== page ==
of disciplinary knowledge. The various interviews are grouped into three categories: the
archaeological imagination, the working of archaeology, and politics, but many of the wide ranging
interviews could as easily appeared in any of the sections of the book. Each interview is
supplemented with explanatory notes often provided by the interviewee. The interviewers generally
start with general questions about the scholars background and then use that as a point of
departure for wider ranging questions concerning field work, intellectual influences, involvement in
various movements in the field, and institutional experiences.
The first section of the book offers some remarkable insights into the such key movements in
archaeology as Binfords processualism, Schiffers behavioral archaeology, and Renfrews interest in
language and archaeology. These are set against Ian Hodders expansive comments on the
relationship between humans and objects, Alison Wylies probing of the intellectual foundation of
archaeological knowledge, and Patty Jo Watsons frank assessment of her career trajectory and the
challenges of being a woman in the field during the mid-20th century. These interviews were not
focused essays or explicit contributions to a history of the discipline, and the editors resisted the
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temptation to distill them into tidy and digestible statements. Instead, the editors drew attention to
the expansive Greek concept of ta pragmata in the interview and how the authors engaged the deeds,
encounters, and obligation that shaped their engagement with the material world.
The second group of interviews focused on the widest possible understanding of field work, but
like the previous, range widely. George Cowgills explained his flirtation with physics prior to his
turn to archaeology, and how his experience in the hard sciences paralleled the tension between the
micro and macro in archaeology. Adrian and Mary Praetzelliss discussed the practical realities and
remarkable opportunities of (Cultural Resource Management) CRM with particular attention to their
work in an African-American neighborhood in Oakland. Kristian Kristiansen globalized the
discussion through his experiences in heritage and academic institutions in Scandinavia. Alain
Schnapps detailed his experiences in establishing institutional foundations for a sophisticated
transnational archaeology in France. Susan Alcock and John Cherrys discuss the political challenges
of working in Greece and the opportunities associated with working in Armenia. The editors framed
these interview with the idea of tekne and craftwork necessary to negotiate institutions, funding
agencies, and traditional archaeological practice.
The last group of interviews in the book explore ta politika, with its expansive definition of
public matters as well as formal politics explores the connections between archaeological work and
political, ideological, and ethical realities. Ruth Tringham describes the cold war political realities that
shaped access to materials and research early in her career. Victor Buchli explored the political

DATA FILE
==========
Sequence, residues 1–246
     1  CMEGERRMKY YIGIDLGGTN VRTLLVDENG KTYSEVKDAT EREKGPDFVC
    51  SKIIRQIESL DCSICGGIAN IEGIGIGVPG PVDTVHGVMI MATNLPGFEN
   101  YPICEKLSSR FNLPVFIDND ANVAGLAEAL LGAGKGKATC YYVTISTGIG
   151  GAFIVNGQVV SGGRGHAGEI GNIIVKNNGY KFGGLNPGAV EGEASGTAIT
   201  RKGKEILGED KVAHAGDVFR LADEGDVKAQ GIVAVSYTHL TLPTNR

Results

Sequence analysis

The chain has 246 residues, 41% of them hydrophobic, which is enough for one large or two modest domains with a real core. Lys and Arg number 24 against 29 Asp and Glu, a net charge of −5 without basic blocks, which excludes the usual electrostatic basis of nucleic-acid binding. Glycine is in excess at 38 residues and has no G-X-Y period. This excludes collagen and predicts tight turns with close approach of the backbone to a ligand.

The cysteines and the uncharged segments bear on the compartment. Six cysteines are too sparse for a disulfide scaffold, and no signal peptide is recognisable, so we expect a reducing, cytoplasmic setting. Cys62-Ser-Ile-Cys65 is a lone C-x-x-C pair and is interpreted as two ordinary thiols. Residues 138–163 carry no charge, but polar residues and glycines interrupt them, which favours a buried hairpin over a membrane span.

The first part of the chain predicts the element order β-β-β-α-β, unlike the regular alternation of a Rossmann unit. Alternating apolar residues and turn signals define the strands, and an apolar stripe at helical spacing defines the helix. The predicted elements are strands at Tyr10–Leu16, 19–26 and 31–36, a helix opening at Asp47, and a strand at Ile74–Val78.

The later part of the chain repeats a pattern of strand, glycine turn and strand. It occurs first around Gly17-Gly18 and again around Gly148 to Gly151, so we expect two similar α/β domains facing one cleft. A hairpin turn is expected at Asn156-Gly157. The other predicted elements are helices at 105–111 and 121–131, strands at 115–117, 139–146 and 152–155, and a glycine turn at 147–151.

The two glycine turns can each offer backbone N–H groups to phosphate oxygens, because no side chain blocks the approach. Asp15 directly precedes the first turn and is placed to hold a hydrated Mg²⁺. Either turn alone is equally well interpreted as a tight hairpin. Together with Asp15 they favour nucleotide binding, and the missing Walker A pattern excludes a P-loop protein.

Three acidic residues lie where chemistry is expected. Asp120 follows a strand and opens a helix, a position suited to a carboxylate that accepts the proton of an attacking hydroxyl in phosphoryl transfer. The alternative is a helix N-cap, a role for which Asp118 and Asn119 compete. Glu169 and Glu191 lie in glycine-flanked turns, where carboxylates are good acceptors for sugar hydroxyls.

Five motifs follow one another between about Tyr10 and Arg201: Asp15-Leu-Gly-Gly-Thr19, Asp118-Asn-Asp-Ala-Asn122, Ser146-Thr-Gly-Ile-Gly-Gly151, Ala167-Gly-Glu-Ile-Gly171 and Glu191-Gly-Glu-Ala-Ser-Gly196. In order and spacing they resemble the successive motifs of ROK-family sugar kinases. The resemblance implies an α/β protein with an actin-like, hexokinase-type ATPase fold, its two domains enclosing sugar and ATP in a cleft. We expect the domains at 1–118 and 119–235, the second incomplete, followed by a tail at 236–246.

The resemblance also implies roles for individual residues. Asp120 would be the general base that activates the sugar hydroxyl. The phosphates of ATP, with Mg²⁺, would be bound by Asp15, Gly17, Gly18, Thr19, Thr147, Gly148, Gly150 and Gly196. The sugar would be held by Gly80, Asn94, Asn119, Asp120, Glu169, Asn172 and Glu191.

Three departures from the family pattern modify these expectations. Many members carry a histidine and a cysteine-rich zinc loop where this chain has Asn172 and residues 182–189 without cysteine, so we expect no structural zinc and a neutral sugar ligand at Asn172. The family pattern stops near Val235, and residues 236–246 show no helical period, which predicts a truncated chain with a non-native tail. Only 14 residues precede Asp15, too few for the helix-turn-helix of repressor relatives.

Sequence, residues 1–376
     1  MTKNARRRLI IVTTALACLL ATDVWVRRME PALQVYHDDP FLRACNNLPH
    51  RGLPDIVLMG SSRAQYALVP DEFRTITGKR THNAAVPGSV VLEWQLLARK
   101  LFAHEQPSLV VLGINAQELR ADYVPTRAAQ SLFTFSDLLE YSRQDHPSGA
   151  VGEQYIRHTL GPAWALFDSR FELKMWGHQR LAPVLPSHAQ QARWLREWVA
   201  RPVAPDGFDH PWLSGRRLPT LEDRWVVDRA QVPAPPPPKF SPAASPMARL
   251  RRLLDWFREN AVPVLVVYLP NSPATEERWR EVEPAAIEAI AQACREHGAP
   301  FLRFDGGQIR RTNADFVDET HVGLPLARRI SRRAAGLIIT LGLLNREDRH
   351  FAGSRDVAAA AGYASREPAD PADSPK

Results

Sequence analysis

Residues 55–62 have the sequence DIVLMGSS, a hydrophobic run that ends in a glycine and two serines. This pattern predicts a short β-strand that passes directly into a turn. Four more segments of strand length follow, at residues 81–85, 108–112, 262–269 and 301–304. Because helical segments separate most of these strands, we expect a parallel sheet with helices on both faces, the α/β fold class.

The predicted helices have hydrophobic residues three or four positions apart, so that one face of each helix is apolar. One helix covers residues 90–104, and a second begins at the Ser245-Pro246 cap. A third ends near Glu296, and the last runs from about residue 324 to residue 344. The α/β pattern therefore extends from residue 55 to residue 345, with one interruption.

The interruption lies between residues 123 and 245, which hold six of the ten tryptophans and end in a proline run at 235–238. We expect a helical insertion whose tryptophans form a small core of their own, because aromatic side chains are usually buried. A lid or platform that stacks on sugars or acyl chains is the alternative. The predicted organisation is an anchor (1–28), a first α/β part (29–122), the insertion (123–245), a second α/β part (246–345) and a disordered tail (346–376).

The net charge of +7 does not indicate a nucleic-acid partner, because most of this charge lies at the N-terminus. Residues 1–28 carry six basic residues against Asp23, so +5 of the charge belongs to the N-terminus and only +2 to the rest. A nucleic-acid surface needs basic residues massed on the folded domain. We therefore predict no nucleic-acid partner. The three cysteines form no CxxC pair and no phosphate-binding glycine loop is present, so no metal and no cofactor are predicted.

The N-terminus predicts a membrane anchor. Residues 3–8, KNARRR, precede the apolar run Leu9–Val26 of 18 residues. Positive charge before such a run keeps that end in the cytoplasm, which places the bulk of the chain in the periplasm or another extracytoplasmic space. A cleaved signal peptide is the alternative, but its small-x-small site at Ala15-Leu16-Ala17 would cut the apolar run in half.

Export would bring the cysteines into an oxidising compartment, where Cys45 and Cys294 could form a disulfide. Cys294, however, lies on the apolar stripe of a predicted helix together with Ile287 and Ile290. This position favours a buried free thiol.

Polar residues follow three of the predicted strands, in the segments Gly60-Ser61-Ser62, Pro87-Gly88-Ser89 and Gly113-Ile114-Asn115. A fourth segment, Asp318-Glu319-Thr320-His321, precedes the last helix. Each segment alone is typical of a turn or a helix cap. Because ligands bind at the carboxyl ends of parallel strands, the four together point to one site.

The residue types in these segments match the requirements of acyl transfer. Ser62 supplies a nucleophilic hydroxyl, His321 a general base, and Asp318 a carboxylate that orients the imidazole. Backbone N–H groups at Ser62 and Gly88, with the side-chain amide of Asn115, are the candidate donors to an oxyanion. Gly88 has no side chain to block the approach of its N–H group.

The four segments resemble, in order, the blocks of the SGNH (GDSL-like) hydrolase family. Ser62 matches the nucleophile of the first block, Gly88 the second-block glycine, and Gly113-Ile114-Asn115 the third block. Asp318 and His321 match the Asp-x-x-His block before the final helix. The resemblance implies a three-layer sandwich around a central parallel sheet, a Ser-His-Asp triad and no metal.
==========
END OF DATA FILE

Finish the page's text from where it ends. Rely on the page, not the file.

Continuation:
decision to hide his homosexuality from his ethnographic informants in Russia. Mark Leone
described his commitments to lobbying and political activism to promote archaeology at the local
and national levels. Lynne Meskell expresses her concern for the political stakes involved in
archaeology and conservation in South Africa. These interviews have firm connections with those
throughout the book and emphasize the situated character of all archaeological research.
The book is concluded with a sketch a disciplinary ecology across seven common threads
ranging from politics, institutions, memory practices, knowledge designs, affiliations with other
fields and practices to more complex concepts associated with the common past (and futures) of the
world, the perpetuating and gains of competence, and the work involved in manifesting material
pasts. The interviews throughout the book demonstrate that these intellectual threads are entangled
with personal narratives, institutional limits and opportunities, professional and personal
relationships, and economic realities. The ecology presented by the editors emerges from an
assemblage of conversations that enrich one another and the disciplinary contributions of the
participants and locates the archaeologist at the center of archaeological assemblages.
The interviews of Rathje, Shanks, and Witmore emphasized the archaeologists place within the
archaeological assemblage and situated disciplinary knowledge within a robust ecology of practice,
institutions, and knowledge. Chris Fowlers The Emergent Past: A Relationist, Realist Archaeology of Early
Bronze Age Mortuary Practices locates the archaeologists in his ontological critiques of archaeological
objects. He approaches the assemblage of Early Bronze Age objects in Britain as an artifact of both
archaeological practice and past events.
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The second chapter of his book is perhaps the most useful for scholars who do not work
specifically on Early Bronze Age Britain. Fowler offers a thorough critique of many of the key
theories for understanding the relationship between objects and people. He argues for a practice